What do you do when you’re ‘not in the mood’ for something? Avoid it or do it anyway?
Laughter yoga is a brilliant case study for getting on with it.
When I turn up at meetings as guest speaker or at a group laughter session, I’m often met by people who’ll tell me they’re “not in the mood” for laughter.
And I answer that with “Great! Let’s get to work”.
Because (almost always) those same people leave the session looking radiant and uplifted.
What happened to them?
They reap the benefits that have hundreds of thousands of people in more than 100 nations worldwide turning up for daily or weekly laughter club sessions.
One of the many beautiful advantages of laughter yoga is that you do not need to be ‘in the mood’ to laugh. You can feel blue or down. You may even have depression. You may be tired. You can be full of worries. You may be shy. Life may suck… None of that has anything to do with stopping you from doing laughter yoga – if you are willing.
(There are reasons for not taking part. These are called contraindications and they include: – hernia, heart problems with chest pain, major surgery in the past 3 months, epilepsy, high blood pressure not controlled by medication, severe backache such as a prolapsed slipped disc, bleeding haemorrhoids or an acute illness such as flu. Think of laughter yoga as you would any aerobic exercise and if in doubt about a physical condition, see a doctor first.)
Laughter yoga is a unique exercise routine combining laughter, initiated as a physical exercise, and yoga breaths, carried out in a group maintaining eye contact. Before long, the laughter catches and becomes ‘real’. Even if it doesn’t – as long as you participate willingly (not grudgingly) – you will benefit because the brain doesn’t discern between ‘fake’ and ‘real’ laughter, it simply notes that the person is laughing and that is the cue to release a flow of feel-good chemicals.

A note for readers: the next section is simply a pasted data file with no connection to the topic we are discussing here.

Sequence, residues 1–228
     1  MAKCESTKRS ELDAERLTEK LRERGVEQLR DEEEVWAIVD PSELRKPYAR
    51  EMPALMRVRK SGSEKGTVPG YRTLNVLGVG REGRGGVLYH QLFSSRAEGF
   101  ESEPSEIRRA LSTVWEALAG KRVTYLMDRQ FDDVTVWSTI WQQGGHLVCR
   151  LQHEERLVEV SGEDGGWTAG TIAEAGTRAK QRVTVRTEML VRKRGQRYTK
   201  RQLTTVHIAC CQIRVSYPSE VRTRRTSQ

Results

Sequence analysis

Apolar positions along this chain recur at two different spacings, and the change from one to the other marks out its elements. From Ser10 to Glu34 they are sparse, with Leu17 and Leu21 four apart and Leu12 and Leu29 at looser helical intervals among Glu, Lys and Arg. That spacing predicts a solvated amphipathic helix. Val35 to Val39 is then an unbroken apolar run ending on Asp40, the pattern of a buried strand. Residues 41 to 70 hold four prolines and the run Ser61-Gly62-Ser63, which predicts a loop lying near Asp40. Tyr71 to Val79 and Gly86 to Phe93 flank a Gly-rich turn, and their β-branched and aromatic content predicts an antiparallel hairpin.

There’s another element at play here too, one clinical psychologists are familiar with: the two-way link between motion and emotion, body and mind. Whatever happens to the mind happens to the body, and what happens to the body happens to the mind. If you feel down and decide to slump in a chair or pull the doona over your head, you are likely to stay ‘down’ – sluggish. My mother never tolerated ‘the blues’ and would say “Pull your socks up, step out and get on with the day”. No chance to hibernate under the doona in our house! And she was spot-on. Being active in the world – facing the day – can lead to changes in mood through motion (those hormones at play again) as well as increasing the likelihood of social interaction which may be just what we need (even if we thought it was the last thing in the world we wanted!).
Laughter yoga synchronises body and mind.
Want to talk about organising a session for a group? Contact me. Better still let’s move and laugh!!
(c) 2018 Heather Joy Campbell
The Happydemic’s founder Heather Joy Campbell is a certified Laughter Yoga teacher and global ambassador for Laughter Yoga International. Brisbane-based, she facilitates laughter wellbeing sessions in workplaces, aged care centres and communities throughout Queensland, trains laughter leaders and leads a weekly community-based laughter club.